Cardinal Dolan delivered closing remarks during an interfaith forum, “The Crisis for Christians in the Middle East,” on Dec. 5 at the Sheen Center in Lower Manhattan, an event he described as “extraordinarily illuminating.”
“All of you,” he told those assembled, “have helped me keep a very solemn promise.” As archbishop of New York, he explained, many of his brother bishops from the Middle East frequently visit him, as do priests, religious women and men and lay faithful from those persecuted lands. And he himself, he added, has been honored to visit them in countries such as Iraq, Syria and Lebanon.
His brother bishops, he said, plead with him, “‘Please don’t forget us. We feel alone. We are desperate. We feel isolated.’
“And over and over again,” he continued, “I whisper to them, ‘We will not forget you; I promise.’”
“You have helped me keep that same promise, that we will not forget,” he told the preeminent group of scholars, civic officials, religious leaders and representatives of humanitarian organizations, as well as symposium participants.
“We have a God who is calling us to a sense of justice, we have a God who is calling us to advocacy and charity,” the cardinal said. “These people we can’t forget, my dear friends. They look to us as believers, they look to us as Americans.”
Underscoring strategies shared throughout the afternoon and evening gathering, the cardinal cited the importance of prayer, organized advocacy, publicity and assistance, and he specifically cited aid from Catholic agencies and organizations “such as our Catholic Near East Welfare Association (CNEWA), the Knights of Malta, the Knights of the Holy Sepulchre, the Knights of Columbus, Catholic Relief Services, Aid to the Church in Need, Caritas International…and there are many, many others.”
Observing that the forum has “wisely” concentrated on the suffering of Christians in the Middle East, the cardinal cautioned, “We can’t forget Africa, India, China, Indonesia or Pakistan and, unfortunately, other nations, where the systematic, well-choreographed persecution of Christians goes on...”
Also among the distinguished speakers were Retired U.S. Army General Raymond T. Odierno, who served as the 38th chief of staff for the Army from 2011 to 2015, and Ambassador Ronald S. Lauder, an international philanthropist who has served as president of the World Jewish Congress since 2007. Appointed U.S. Ambassador to Austria by President Ronald Reagan, Ambassador Lauder served in the U.S. Pentagon as deputy assistant secretary of Defense for European and NATO Affairs.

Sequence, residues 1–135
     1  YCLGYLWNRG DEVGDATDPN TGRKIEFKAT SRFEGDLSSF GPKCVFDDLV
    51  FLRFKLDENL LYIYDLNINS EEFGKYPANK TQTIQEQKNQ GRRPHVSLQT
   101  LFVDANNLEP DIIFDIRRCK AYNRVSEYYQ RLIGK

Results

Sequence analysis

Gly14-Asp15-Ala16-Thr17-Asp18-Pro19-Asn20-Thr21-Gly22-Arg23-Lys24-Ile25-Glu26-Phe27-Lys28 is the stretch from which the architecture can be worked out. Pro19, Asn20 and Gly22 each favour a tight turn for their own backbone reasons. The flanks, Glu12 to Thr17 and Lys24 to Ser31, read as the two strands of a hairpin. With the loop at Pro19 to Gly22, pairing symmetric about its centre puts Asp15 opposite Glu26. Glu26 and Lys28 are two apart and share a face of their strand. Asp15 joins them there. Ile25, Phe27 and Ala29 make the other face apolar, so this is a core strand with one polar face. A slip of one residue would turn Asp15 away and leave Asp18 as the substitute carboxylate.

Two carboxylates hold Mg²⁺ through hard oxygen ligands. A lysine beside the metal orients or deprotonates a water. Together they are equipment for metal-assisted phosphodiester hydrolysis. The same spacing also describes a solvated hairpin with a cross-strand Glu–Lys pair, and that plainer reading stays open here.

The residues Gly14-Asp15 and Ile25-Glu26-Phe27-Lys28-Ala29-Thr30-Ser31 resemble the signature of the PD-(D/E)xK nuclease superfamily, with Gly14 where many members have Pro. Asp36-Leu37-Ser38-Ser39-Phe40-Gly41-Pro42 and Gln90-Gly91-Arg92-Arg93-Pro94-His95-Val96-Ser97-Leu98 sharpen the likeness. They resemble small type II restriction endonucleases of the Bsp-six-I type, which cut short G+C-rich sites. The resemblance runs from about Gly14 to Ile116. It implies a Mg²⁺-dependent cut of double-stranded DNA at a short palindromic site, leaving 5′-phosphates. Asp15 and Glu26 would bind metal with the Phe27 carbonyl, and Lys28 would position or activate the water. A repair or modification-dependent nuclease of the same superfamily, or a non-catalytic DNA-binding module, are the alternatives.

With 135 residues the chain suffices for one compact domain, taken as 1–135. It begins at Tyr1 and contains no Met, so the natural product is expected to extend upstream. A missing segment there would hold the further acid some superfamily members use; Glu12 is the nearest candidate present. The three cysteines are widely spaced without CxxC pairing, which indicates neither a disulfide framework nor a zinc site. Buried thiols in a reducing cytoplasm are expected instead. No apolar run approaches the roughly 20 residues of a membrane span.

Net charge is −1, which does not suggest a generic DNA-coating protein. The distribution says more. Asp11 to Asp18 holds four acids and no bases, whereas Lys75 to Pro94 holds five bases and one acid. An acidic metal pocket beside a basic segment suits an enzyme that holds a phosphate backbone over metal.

General Odierno addressed “Strategies for Creating Stability in the Region,” in conversation with Judith Miller, an adjunct fellow at the Manhattan Institute.
“What we’ve seen over the last 15 years for sure, and probably longer, is a growing idea of religious intolerance in the Middle East,” Odierno said, and across several different religions.
“What you’re seeing is, as people are now grappling for power in the Middle East, specifically in Iraq and Syria,” among other places, “what they try to do is create a fervor of support,” he said, adding, “the best way to create a fervor of support in some cases is using religion. We’ve watched this happen over thousands of years, where people use religion for that reason.”
He cited as examples Al Qaeda and ISIS.
The problems become compounded, Odierno continued, through failing and failed governments, which are unable to provide protections for all of the different populations.
“Jews know what happens when the world is silent to mass slaughter,” Lauder said. “We learned that lesson the hard way.”
The world response to Kristallnacht was silence, he said, adding that world silence led to the Holocaust.
Lauder’s talk was, “Who Will Stand Up for Christians?”
“Today we are witnessing the world’s complete indifference to the slaughter and displacement of Christians throughout the Middle East,” Lauder said.
“The reason I am here today is to remind all of you of what silence brings: it brings suffering, it brings death, it brings more shame on the rest of the world.”
In his advocacy in recent years on behalf of persecuted Christians, the cardinal, also in his closing remarks, said he had “not found a stronger ally than our Jewish neighbors.”
The Jewish community, “particularly here in New York,” he said, are “exceptionally loyal partners with us in this sacred endeavor.”
Among other offerings at the forum were “How We Got to Where We Are Today and the Humanitarian Toll,” that included as panelists Msgr. John E. Kozar, president of CNEWA, and Jack Tannous, assistant professor of history at Princeton University, moderated by Michael Reynolds, associate professor of Near Eastern Studies at Princeton.
“Current Conditions for Christians” was billed as a conversation led by Robert Nicholson, executive director of the Philos Project, with Kristina Arriaga de Bucholz, executive director of the Becket Fund for Religious Liberty; Juliana Taimoorazy, founder of the Iraqi Christian Relief Council, and Nina Shea, a senior fellow of the Hudson Institute, where she directs the Center for Religious Freedom.